That Woman

  • by Anne Sebba
  • Narrated by Samantha Bond
  • 11 hrs and 30 mins
  • Unabridged Audiobook

Publisher's Summary

One of Britain's most distinguished biographers turns her focus on one of the most vilified woman of the last century. Historian Anne Sebba has written the first full biography of Wallis Simpson, Duchess of Windsor, by a woman which attempts to understand this fascinating and enigmatic American divorcee who nearly became Queen of England. 'That woman', as she was referred to by the Queen Mother, became a hate figure for allegedly ensnaring a British king. Born in 1895 in Baltimore, Bessiewallis Warfield endured an impoverished and comparatively obscure childhood which inflamed a burning desire to rise above her circumstances.


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Customer Reviews

Most Helpful


A compelling download, well read and very interesting. The author doesn't champion WS, nor attack her, so the general neutrality makes it even more enjoyable. I was ready to dislike WS, I suppose - and at the end of the book I did dislike her quite a lot, but I certainly felt I understood more about what drove this extraordinary woman. I also felt great pity for her and Edward who seems to have been weak, deluded and baffled. The international turmoil that served as the backdrop to this bizarre story is very well woven. Living history.

One weak point (not weak enough to lose a star though) was a persistent theory advanced by the author about the sexuality of WS. The author believes - but presents no actual evidence for this - that WS was born with both male and female sexual characteristics. There is no proof, so it's nothing more than an interesting but probably flawed theory.
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- Alison

Compelling, unflattering account of the Windsors

Much of the story of the supposed love story is familiar not least because of the excellent TV series starring Edward Fox, though I did learn much about the couple’s war years spent largely in the Bahamas and their post-war life. I knew nothing about Mrs Simpson’s early life which give a clue to her need for financial security and perpetual health problems.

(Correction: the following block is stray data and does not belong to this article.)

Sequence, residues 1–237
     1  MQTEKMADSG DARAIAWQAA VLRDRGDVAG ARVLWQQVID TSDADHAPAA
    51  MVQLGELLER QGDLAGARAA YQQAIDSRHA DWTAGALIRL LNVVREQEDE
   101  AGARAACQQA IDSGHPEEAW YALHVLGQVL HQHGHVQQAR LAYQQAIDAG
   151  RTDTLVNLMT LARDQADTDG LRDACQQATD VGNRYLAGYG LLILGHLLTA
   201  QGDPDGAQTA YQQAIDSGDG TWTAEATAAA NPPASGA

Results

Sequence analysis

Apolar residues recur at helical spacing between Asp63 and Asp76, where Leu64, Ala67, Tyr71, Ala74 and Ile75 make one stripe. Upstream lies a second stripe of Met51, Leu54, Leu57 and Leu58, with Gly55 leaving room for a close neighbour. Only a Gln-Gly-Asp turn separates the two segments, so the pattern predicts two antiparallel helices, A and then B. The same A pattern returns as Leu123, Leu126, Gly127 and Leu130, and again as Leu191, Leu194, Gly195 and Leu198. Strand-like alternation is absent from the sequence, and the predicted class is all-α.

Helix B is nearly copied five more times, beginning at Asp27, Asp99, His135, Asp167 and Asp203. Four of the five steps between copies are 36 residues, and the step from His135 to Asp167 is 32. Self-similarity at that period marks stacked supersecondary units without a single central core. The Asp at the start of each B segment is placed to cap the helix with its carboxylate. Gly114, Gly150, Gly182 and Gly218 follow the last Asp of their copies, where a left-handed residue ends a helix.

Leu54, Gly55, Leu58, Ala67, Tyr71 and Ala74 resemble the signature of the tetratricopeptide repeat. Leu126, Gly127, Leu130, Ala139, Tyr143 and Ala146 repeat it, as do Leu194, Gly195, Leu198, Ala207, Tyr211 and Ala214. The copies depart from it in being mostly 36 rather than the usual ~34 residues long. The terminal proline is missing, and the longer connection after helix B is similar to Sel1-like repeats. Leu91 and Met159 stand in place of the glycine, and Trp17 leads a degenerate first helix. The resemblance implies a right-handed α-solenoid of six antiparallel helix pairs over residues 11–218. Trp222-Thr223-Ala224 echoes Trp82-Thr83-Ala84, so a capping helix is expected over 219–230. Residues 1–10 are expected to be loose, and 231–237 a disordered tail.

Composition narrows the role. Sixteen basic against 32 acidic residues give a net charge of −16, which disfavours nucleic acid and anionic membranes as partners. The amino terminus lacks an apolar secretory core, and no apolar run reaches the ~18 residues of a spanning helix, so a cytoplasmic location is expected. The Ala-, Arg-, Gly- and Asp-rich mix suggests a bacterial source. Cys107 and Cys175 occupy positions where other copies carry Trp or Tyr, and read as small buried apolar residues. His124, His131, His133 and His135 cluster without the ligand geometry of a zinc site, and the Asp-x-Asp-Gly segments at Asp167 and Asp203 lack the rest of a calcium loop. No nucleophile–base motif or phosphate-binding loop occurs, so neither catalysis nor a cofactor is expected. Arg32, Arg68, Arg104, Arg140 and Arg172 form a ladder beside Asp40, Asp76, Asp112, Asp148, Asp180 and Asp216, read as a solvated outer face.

If the biography is to be believed the Windsor’s relationship was far from being a true love story as Wallis appears lukewarm in her feelings for Edward while he was obsessively dependent and worshipping of her, constantly trying to please her with lavish jewels and money. I come away with the impression that Mrs Simpson enjoyed the thrill of enrapturing men, particularly successful or powerful men, and was flattered by the attention of the heir to the British throne with his glamorous image, but that she had probably only wanted an exciting dalliance. I hadn’t known how she kept up an affectionate correspondence with her former second husband long into her marriage to Edward.

The author tells a compelling story and isn’t partisan but the facts speak for themselves and leave me feeling that the UK had a lucky escape from having Edward as King, though, not because he wanted to marry a divorced woman, but because he lacked judgement and despite his voiced sympathy for the poor lived a lavish life-style when people in the UK and Europe were suffering hardship. He seemed obsessed in wanting the trappings and titles of being a king without the responsibilities and perpetually complained about not being given enough money to fund the couple’s ostentatious life-style.

My only criticisms of the book are the excess of prurient speculations about Wallis’s true gender and the couples’ sex life for which no concrete evidence exists and salacious interpretations of her various hospitalisations where lack of information is more likely owed to a wish for privacy rather than a cover-up.

Overall an enjoyable listen about a pivotal time in history.

Samantha Bond has a lovely voice and I enjoyed her narration.
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- Kirstine

Book Details

  • Release Date: 18-11-2011
  • Publisher: Orion Publishing Group Limited